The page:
The Missouri Department of Transportation “has acted in bad faith” in negotiating with the Route 66 Association of Missouri over ownership of the closed Route 66 Gasconade River Bridge, Rich Dinkela, president of the Route 66 group, contended at a meeting Tuesday to discuss the impact if the bridge is demolished.
More than 30 state and federal officials and preservationists attended the two-hour “Section 106” consultation meeting, held virtually, which is required to determine how the bridge’s possible removal might be mitigated.
The Route 66 Association of Missouri has been fighting to save the bridge since MoDOT closed it for safety reasons Dec. 20, 2014, following a routine inspection. Last month, MoDOT rejected the association’s latest plan to take over ownership of the bridge and eventually preserve it for pedestrian and other recreational use.
Dinkela said MoDOT’s letter of rejection “was kind of insulting and kind of a smack in the face.”
A major obstacle has been the insurance MoDOT wants the Route 66 Association of Missouri to carry on the bridge considering that the state has three other bridges downriver in close proximity.
“The insurance policy your counsel suggested doing does not exist,” Dinkela argued. “It’s an impossible hurdle to overcome. . . . It’s kind of a big joke, in my opinion.”
Dinkela said the state association has demonstrated its ability to raise funds, another issue MoDOT raised. He also claimed MoDOT has been inconsistent in how it is treating the Gasconade River Bridge compared to other bridges formerly on the state system that preservationists have taken over.
“You guys aren’t acting in good faith,” he said.
He discussed how important the bridge is to Route 66, “the most important highway in the United States.”
Dinkela received support from Betsy Merritt, deputy general counsel of the National Trust for Historic Preservation. “The National Trust is extremely concerned on a national level about the rationale concerning the insurance.”
She said an “impossible insurance requirement is absolutely unjustified.”
Phillip Denton, an attorney who is a board member of the Route 66 Association of Missouri, also criticized MoDOT’s insurance requirement.
“What MoDOT is asking for is literally impossible to achieve” for a non-profit organization like the Route 66 Association of Missouri, Denton said, adding that the requirement was “proof that MoDOT had no intention ever to donate the bridge. . .”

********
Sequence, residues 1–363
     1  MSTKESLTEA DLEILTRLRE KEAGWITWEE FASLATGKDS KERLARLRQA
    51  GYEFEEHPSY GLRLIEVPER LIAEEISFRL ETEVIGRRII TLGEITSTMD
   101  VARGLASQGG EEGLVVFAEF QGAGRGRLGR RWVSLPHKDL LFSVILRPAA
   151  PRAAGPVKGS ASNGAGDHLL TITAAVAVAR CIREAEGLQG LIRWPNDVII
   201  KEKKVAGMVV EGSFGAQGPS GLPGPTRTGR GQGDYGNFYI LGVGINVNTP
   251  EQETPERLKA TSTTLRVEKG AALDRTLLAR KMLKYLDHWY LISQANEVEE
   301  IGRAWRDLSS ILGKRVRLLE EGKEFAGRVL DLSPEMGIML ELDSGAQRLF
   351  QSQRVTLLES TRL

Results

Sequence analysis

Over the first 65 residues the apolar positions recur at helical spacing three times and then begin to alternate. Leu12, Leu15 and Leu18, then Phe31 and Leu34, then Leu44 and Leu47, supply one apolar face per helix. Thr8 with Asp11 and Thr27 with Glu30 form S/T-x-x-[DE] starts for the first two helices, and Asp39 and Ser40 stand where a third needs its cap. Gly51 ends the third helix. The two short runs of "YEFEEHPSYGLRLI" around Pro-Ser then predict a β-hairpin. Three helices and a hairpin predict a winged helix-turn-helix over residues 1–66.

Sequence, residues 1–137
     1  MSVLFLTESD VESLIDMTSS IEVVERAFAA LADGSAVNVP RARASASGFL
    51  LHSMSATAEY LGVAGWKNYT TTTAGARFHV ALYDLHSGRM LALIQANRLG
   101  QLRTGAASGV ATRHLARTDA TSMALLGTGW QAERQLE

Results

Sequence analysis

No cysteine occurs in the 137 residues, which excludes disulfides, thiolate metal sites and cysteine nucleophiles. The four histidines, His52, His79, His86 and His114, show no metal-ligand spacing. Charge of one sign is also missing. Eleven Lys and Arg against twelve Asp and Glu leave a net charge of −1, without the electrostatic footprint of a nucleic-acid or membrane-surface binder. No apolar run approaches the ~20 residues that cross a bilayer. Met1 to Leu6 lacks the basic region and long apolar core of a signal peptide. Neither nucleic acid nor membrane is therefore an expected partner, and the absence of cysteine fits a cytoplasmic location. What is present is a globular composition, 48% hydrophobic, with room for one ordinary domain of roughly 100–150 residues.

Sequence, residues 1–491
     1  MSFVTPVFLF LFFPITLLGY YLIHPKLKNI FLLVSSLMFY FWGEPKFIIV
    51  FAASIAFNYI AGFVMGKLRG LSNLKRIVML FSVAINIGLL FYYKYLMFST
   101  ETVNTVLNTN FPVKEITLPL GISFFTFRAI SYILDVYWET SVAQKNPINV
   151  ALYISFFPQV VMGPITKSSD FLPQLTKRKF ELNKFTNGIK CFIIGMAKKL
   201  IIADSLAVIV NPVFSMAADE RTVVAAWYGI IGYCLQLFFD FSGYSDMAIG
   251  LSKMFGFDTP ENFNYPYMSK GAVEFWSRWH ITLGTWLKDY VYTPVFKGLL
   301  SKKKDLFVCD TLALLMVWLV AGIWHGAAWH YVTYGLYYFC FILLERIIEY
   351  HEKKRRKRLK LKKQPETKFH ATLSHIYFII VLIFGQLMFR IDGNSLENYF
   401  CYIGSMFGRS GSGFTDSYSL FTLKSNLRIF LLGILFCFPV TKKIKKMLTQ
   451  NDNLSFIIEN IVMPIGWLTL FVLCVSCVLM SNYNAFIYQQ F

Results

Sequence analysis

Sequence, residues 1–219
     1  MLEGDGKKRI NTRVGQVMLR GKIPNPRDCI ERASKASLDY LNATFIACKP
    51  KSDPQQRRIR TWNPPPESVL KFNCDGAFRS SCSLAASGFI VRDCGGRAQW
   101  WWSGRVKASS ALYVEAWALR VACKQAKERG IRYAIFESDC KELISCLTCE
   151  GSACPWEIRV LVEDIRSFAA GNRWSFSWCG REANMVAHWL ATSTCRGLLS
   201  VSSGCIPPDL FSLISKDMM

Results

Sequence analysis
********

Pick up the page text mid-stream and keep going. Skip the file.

Denton said many travelers consider Missouri to be the most-attractive Route 66 state. “You are gutting part of that attractiveness to the state.”
MoDOT officials at the meeting did not argue with Dinkela and others who criticized the agency. Raegan Ball, program development team leader for the Federal Highway Administration in Missouri, said MoDOT’s response to the Route 66 Association of Missouri’s proposal “meets the minimum threshold” of what’s required.
“Ultimately, it’s up to MoDOT” to determine the fate of the bridge, she said.
Michael Meinkoth, MoDOT historic preservation manager, explained that MoDOT is taking a two-path approach to the Gasconade River Bridge. One path is to continue discussions on preserving the bridge. The second path, the purpose of the meeting and two previous Section 106 meetings, was to determine the “mitigation measures” if the bridge isn’t saved.
Among the mitigation measures discussed was that a survey be conducted of remaining Route 66 bridges in Missouri to determine National Register of Historic Places eligibility.
The Lebanon-Laclede County Route 66 Society and the Lebanon Parks and Recreation Department presented letters asking that, if the bridge is demolished, sides of the bridge’s “pony truss” be used to create a pedestrian bridge in Route 66-themed Boswell Park. (See separate story.)